How to Deduct Automobile Expenses

The Internal Revenue Service frequently audits deductions for auto expenses, and the documentation requirements are fairly complex. This should not discourage you from taking all the deductions to which you are entitled, however, since we have had great success at defending auto expense deductions in IRS audits. What is important is to keep the necessary records — then you have nothing to fear.

The proof of your auto expense is straightforward. You need to document:

The above items are sufficient to claim the "standard mileage" deduction which is set at regular intervals by the IRS (51 cents per mile as of 1/1/2011). If you elect to us the "actual expense" method, you must also document:

There's a simple way to maintain all the necessary documentation:

Note: Business driving is defined as mileage between business locations. Unless you have a home office, driving to the first place of work is not deductible. If you are not self-employed have your employer require you to maintain an office-in-home as a condition of employment, and get a letter proving the requirement. Then on days when you legitimately work at home before or after going to the office or to a client, you can deduct the mileage from/to your home.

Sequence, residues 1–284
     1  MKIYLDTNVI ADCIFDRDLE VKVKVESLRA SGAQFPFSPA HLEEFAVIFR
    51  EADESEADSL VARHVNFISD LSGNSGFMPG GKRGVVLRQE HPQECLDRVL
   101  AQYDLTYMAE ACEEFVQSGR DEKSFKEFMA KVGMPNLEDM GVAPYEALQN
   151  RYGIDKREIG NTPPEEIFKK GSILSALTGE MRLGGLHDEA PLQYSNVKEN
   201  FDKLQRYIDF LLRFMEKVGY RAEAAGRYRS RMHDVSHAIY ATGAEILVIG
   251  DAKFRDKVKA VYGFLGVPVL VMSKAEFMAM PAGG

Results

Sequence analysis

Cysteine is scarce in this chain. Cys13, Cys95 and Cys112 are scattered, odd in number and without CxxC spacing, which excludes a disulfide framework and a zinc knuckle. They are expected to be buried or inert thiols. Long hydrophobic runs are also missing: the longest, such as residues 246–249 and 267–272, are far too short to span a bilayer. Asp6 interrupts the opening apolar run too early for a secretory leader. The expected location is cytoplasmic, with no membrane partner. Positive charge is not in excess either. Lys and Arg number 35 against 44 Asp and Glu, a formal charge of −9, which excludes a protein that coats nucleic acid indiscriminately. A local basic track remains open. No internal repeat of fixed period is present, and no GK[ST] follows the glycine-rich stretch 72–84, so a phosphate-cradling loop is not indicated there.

Lease or Buy

This is a complicated decision and depends on many of your personal factors — income bracket, miles driven per year, percentage of business use, frequency of getting a new vehicle, cost of the vehicle, etc. You may find the following link helpful in making your decision:

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